Surprise ending raises Lewis Rand above pot-boilers

In the early 1900s, readers relied on Mary Johnson to supply them regularly with novels about lower socioeconomic class individuals of superior ability who participate in history-making events.

In Lewis Rand, Johnson pulls out an unexpected ending that raises the novel above the pot-boiler class.

On river path, two mounted gentlemen in top hats fight while trying to control their horses
Lewis Rand fights Fairfax Cary, who thinks him allied with Aaron Burr.

Lewis Rand by Mary Johnson
F. C. Yohn illustrator. Houghton Mifflin, 1908.
[506+ pages] 1908 bestseller #7.
Project Gutenberg ebook #14697. My grade: B.

Lewis Rand wants to study law, but his father won’t even let Lewis attend school.

Their neighbor Thomas Jefferson intercedes on the boy’s behalf.

By 1804, Jefferson’s help and Lewis’s own ambition have marked him for at least the governorship, perhaps the presidency.

Lewis has an an accident outside the home of the pro-Federalist Churchills. While he recuperates in a Churchill bedroom, Jacqueline Churchill a proposal of marriage from his Federalist opponent.

Jacqueline marries Lewis against her family’s wishes.

After their marriage, Lewis becomes increasingly ambitious.

After turning turns down the nomination for Virginia governor, he begins corresponding in cipher with the audacious Aaron Burr about America’s newly-acquired Louisiana Purchase territory.

Johnson keeps the complicated political background understandable.

Where she falls down is in not allowing characters to speak for themselves.

The novel ends much as The Cruel Sea will end decades later. The one significant difference is that Nicholas Monserrat made readers care about George Ericson.

Johnson doesn’t make readers care about Lewis Rand.

© 2016 Linda Gorton Aragoni

Tree of Liberty Moves Slower than Congress

In  The Tree of Liberty, Elizabeth Page uses the family of Matthew Howard as a lens through which to view American history from 1754 through 1806.

The Howards had kin and connections throughout the colonies and among the political elite of the Revolutionary era. Page doesn’t have to invent situations to show the political turmoil of those days.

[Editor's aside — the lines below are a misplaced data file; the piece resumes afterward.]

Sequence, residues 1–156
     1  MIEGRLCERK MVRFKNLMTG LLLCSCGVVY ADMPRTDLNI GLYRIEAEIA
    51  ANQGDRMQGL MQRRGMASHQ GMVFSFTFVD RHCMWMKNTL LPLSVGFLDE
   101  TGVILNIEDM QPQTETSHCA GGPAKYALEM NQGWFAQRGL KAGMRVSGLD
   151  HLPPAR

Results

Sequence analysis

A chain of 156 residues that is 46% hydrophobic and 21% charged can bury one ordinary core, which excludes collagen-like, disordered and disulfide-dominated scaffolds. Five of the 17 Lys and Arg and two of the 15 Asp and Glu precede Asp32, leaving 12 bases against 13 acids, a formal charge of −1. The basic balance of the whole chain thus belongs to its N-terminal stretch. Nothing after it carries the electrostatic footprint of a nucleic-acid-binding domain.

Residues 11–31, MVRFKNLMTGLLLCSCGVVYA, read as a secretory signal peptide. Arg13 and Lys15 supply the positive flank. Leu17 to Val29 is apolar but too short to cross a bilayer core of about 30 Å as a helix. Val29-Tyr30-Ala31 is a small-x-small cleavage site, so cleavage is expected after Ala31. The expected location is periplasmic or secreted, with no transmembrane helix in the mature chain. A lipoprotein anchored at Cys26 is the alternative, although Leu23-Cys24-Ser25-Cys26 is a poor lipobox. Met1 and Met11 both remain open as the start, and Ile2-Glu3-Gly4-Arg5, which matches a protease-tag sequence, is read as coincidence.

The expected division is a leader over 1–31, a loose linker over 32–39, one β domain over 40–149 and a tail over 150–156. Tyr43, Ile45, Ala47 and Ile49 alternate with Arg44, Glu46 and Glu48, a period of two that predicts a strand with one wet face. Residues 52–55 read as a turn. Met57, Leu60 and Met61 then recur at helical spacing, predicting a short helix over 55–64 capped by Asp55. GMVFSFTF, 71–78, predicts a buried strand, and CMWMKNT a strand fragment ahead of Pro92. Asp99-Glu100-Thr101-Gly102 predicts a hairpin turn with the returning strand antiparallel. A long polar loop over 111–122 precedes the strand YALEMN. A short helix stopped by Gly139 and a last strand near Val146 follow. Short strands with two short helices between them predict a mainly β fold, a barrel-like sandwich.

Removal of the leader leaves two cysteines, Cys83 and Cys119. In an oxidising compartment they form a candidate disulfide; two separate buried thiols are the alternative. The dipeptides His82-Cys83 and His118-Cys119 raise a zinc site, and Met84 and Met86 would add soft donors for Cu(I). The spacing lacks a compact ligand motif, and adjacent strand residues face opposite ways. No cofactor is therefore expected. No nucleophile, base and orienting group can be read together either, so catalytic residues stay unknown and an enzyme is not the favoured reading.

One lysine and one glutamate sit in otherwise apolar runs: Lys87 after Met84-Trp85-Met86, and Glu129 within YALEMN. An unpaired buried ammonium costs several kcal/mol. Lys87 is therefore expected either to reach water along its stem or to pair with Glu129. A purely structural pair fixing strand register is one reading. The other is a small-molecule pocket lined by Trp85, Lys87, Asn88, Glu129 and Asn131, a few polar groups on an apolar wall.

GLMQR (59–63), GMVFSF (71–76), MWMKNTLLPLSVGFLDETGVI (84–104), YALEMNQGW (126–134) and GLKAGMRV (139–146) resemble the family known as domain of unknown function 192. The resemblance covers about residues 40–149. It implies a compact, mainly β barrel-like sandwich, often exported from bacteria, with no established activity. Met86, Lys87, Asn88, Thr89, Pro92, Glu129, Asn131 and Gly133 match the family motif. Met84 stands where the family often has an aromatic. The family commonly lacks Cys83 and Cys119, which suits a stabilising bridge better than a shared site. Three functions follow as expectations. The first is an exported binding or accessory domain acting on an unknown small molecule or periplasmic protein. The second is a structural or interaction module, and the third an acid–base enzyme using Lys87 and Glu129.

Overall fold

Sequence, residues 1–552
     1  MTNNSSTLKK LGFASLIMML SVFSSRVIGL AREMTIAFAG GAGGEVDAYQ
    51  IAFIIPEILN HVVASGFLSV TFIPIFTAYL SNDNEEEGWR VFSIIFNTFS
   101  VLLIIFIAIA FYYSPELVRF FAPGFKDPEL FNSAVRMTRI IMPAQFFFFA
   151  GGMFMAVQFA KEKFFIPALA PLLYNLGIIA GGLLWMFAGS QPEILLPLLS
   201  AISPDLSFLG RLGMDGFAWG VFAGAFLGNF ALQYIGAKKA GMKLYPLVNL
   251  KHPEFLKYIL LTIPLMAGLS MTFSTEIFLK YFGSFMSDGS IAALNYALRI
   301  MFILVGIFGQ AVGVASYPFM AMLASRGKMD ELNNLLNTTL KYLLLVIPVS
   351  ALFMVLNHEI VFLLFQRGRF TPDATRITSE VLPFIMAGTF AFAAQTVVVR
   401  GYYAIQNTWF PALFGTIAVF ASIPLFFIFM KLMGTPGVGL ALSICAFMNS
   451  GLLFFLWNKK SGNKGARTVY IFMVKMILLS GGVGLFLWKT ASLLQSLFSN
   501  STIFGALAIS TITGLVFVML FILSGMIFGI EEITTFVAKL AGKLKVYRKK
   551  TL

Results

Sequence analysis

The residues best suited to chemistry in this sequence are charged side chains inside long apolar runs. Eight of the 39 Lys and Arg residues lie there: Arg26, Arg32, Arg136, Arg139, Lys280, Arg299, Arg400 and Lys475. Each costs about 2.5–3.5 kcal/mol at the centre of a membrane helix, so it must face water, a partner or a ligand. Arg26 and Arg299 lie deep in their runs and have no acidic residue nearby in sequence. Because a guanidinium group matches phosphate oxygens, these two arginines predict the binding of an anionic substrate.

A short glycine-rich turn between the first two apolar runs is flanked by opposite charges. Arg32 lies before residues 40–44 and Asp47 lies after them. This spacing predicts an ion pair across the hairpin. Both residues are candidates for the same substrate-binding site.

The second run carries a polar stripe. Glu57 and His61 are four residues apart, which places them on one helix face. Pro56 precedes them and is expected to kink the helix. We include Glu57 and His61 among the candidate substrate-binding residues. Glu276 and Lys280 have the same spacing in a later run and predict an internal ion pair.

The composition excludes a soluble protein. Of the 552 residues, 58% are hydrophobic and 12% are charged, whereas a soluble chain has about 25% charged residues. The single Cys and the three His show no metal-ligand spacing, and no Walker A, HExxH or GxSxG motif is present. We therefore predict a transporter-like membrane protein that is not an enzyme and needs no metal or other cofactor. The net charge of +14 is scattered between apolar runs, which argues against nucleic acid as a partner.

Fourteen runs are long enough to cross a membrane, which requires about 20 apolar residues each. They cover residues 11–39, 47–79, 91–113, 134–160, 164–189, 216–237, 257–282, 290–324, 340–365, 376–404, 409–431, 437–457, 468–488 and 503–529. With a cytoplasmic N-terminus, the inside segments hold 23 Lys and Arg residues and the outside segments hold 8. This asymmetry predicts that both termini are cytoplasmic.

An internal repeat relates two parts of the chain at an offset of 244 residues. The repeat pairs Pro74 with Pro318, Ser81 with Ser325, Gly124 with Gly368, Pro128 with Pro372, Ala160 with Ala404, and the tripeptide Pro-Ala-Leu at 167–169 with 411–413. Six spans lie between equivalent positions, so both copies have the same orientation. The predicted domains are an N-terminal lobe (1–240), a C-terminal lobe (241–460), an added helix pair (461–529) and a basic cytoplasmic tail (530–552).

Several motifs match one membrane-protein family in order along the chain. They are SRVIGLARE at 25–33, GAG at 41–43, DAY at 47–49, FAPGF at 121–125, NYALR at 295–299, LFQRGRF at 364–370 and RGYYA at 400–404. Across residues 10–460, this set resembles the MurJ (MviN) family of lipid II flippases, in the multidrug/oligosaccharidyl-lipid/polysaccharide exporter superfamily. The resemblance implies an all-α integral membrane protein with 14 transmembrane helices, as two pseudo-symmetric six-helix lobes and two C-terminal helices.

Page follows Matt as he grows up hearing tales of the frontier, adoring Colonel Washington and going to school with Tom Jefferson.

Matt marries a Tidewater aristocrat, Jane Peyton, who instinctively distrusts “the common people” as much as Matt champions them. Their political differences carry on through two more generations.

The novel really isn’t about the Howards, though.  The main character is really the American political system, the “tree of liberty.”

Page’s novel moves almost as slowly as the actual events she describes.

I felt as if I should care, that reading the novel was good for me, but that didn’t make me enjoy it.

The novel might have a salutary effect on Americans fretting over the slowness of the Iraqi government to achieve democracy, but, quite honestly, reading about the growth of the tree of liberty is about as exciting as watching paint dry.

The Tree of Liberty
By Elizabeth Page
Farrar & Rinehart 1939
973 pages
1939 bestseller # 8
My Grade: C +
© 2009 Linda Gorton Aragoni

House Divided is Good — and Long

House Divided deserves to be dusted off and reread. Ben Ames Williams gives us believable characters, high drama, and superb dialogue, all resting on an extensive base of facts about  the War Between the States.

Although the Currain family of Virginia own slaves, they are skeptical of secessionist propaganda and assertions that the South can whip the North. When letters are found revealing that their father was Abraham Lincoln’s grandfather, the five adult Currains are shattered. Each attempts to find some way of living down the horrible shame of their kinship to “the black ape.”

As Williams follows the Currains through the war, his characters take the reader close to historical figures like Lincoln and John Wilkes Booth without taking his eye off the Currains. As he shows his characters’ quite ordinary responses to extraordinary situations, readers learn details of daily life in the Confederacy. A less skillful writer would have crammed the facts into fat paragraphs of description.

The novel’s message that “most of us, in the end, stand with our own people,” is worth remembering as we send American soldiers into foreign combat.

If you can heft this whopping novel (1500+ pages), you’ll find House Divided worth reading.

House Divided, a novel of the Civil War
By Ben Ames Williams
Houghton Mifflin, 1947
1514 pages
#7 on 1947 bestseller list
My grade: A-
© 2006 by Linda Gorton Aragoni